The most famous of the St Mary's footballers, are those that have become successful in the southern leagues. Several have already been mentioned, but there are still a couple that must be mentioned. Maurice Rioli was the best known Territory footballer ever. He played for St Mary's in the early 1970's before being recruited to the South Fremantle Football Club. Maurice was outstanding in the WAFL. He represented Western Australia on a number of occasions and was also an Australian representative in Gaelic football (a modified version of Australian Rules) against the Irish. After displaying his brilliant skills in Western Australia, Maurice was then recruited to the Richmond Football Club, in what was then the Victorian Football League. Maurice won Richmond's league Best and Fairest award in 1982 and in the same year was awarded the Norm Smith Medal for a Best on Ground performance in the Grand Final. Maurice Rioli was a household name throughout the Northern Territory and possibly Australia. He was idolised by young and old people alike. His conduct on the field was an example to aspiring young players and his magic like ability was a thrill for all to see." Maurice's efforts may have attracted more attention to the NTFL from other leagues. Possibly from clubs hoping to discover players of similar ability.
One player who has followed Maurice Rioli's example is Michael Long. Michael rose through the St Mary's junior ranks and then established himself as a permanent league player. While representing the Northern Territory against a number of Australian Football League (AFL) clubs, Michael was recognised as a player with great potential. He was subsequently recruited to the Essendon Football Club in the AFL. Michael was immediately included in Essendon's league team where he has remained and performed consistently. He was a member of their 1993 Premiership win, when he won the Norm Smith Medal for his Best on the Ground performance. This award was presented to him by Maurice Rioli."
As well as producing a lot of top class footballers, St Mary's have also attracted many. They can not all be mentioned here because they are numerous, however some attention will be given to a few. One of these players was Michael Graham. Michael had played for the Sturt Football Club in the South Australian National Football League (SANFL), where he established himself as one of the great players of the game of Australian Rules. Later he came to Darwin and played for St Mary's in the 1973/74 season, when he won the Nichols Medal. This win made it three in a row for the St Mary's Best and Fairest winners. Pat Murphy had won the previous two. There were many other notable southern players who were also attracted to St Mary's. Among them were Gary Menzel from the Norwood Club in the SANFL. Gerard Neesham from the Swan Districts Club in the WAFL and Wilbur Wilson from the SANFL. These are but a few of the many exceptional footballers that have played for the Saints. Some of these players had come to Darwin without offers from the club. However, others may have been encouraged with attractive packages. Bill Roe, who in talking about the success of St Marys stated that "if they need a ruckman [or a particular type of player], they just go out and buy one, raised this point.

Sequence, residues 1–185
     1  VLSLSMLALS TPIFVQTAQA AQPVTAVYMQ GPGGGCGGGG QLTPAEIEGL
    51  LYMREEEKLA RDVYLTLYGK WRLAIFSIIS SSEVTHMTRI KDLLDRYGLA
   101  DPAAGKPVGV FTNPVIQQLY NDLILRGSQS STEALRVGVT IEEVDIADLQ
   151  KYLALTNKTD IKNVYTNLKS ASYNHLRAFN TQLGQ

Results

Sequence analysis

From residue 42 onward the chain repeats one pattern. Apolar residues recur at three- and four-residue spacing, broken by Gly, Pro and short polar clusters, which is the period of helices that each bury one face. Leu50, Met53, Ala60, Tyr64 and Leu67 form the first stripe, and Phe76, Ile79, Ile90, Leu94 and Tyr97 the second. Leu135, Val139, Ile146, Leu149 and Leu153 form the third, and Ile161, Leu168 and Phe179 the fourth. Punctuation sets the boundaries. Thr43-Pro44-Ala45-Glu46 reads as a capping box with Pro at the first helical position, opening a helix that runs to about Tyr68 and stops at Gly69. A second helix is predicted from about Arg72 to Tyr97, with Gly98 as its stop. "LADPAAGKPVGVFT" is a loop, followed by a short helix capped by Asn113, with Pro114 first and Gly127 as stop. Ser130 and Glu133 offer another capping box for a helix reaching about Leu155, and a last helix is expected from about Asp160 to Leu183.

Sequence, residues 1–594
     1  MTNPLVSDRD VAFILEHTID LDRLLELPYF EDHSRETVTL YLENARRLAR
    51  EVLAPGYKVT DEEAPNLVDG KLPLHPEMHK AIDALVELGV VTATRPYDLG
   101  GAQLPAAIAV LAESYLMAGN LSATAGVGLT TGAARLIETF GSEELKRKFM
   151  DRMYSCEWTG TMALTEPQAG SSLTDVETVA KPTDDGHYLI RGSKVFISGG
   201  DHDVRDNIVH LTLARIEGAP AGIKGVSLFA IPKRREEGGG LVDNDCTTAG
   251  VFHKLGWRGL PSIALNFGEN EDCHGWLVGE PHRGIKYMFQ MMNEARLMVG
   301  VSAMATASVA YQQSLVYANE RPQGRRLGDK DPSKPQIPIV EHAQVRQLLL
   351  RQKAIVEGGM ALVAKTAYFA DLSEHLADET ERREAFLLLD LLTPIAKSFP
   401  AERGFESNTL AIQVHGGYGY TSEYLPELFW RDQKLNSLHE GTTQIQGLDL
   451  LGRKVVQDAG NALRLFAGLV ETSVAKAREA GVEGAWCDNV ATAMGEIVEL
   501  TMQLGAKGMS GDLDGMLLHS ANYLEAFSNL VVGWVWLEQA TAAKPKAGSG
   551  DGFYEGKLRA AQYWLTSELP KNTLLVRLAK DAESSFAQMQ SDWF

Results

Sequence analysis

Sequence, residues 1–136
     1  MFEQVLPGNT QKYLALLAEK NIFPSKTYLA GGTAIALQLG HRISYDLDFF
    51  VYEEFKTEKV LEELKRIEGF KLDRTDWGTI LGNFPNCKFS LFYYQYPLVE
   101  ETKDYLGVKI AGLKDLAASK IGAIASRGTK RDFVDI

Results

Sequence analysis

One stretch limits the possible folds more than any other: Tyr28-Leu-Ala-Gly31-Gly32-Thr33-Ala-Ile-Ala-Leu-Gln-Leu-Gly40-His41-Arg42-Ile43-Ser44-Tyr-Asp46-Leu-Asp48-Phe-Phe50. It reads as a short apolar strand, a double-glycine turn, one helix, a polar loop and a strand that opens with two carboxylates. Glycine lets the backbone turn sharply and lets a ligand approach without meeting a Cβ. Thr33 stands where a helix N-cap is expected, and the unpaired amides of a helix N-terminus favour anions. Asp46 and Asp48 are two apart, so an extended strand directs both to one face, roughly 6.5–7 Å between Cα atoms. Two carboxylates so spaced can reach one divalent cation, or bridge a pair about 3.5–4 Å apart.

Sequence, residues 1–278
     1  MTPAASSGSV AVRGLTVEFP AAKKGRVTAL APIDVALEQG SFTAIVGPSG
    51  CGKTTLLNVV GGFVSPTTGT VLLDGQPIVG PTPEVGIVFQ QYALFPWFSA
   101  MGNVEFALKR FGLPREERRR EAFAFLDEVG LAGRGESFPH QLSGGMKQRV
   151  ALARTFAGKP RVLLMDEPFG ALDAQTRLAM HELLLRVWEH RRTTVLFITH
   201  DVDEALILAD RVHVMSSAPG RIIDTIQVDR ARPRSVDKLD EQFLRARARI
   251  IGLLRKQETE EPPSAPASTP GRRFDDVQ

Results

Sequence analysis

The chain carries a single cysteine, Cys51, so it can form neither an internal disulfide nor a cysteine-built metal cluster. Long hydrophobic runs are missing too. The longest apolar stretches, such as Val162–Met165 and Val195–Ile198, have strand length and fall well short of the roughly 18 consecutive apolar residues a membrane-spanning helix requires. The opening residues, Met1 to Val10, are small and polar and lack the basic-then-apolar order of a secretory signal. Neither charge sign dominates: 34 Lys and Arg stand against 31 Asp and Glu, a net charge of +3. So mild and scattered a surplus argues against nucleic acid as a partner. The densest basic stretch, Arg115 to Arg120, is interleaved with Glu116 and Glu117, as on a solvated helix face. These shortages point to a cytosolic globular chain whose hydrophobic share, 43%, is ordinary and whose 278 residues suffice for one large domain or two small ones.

The Saints' ability to attract good footballers has helped them in their quest to win more premierships. Sometimes filling weak positions with good players can not be done with the local stock of players. In these cases Saints tend to recruit players to fill those positions. This does tend to create a large degree of animosity among the locals. However, the St Mary's administration must feel the need to do so because they have continued with this practice. The danger in continuing this practice is that they may lose much of their local talent because of it. Consequently, the practices that seems to have aided St Mary's in the past but may hinder them in the future.
In conclusion, the St Mary's Football Club was established in 1952. The club was formed to provide "full blood" Tiwi Islanders with an opportunity to play Australian Rules in the NTFL. There was a great deal of initial opposition to the club's formation. However, that opposition was overcome by determined people who were associated with the St Mary's Catholic Church. The St Mary's teams of this early era consisted of mostly Tiwi men. Within three seasons of entering the competition, the Saints won their first premiership and produced their first Nichols Medallist. These achievements were similarly repeated many times over the following years. Saints have produced many champion footballers, some of who have gone on to represent other clubs and States.
The early era of St. Marys that was before the 1970s was characterised by a purely social ethic. The game of football was an instrument for social interaction. At this early stage the teams still consisted of mostly locals with a couple of exceptions. The professionalism that began to develop during the 1970s was not yet a feature of the game or the club. Behind the scenes, administration was yet undeveloped, and functions were held outdoors or at private residences. During the 1970's, however, this all began to change.
Australian Rules and the St Mary's Football Club expanded and developed with the growth of Darwin. This development-brought people and ideas from interstate and the club began to develop new characteristics. More and more recruits from southern clubs began to appear in the St Mary's line-up. Many of these players have served the club well. However, they have a tendency to stay for one or two seasons and then move on. The dilemma here is that local footballers often miss out because of the inclusion of interstate recruits. Consequently, the locals tend to leave and go to other clubs and this could be a big problem for St Mary's in the future.
I acknowledge the unknown author of the History of the St Marys Football Club. I have updated it to the present date.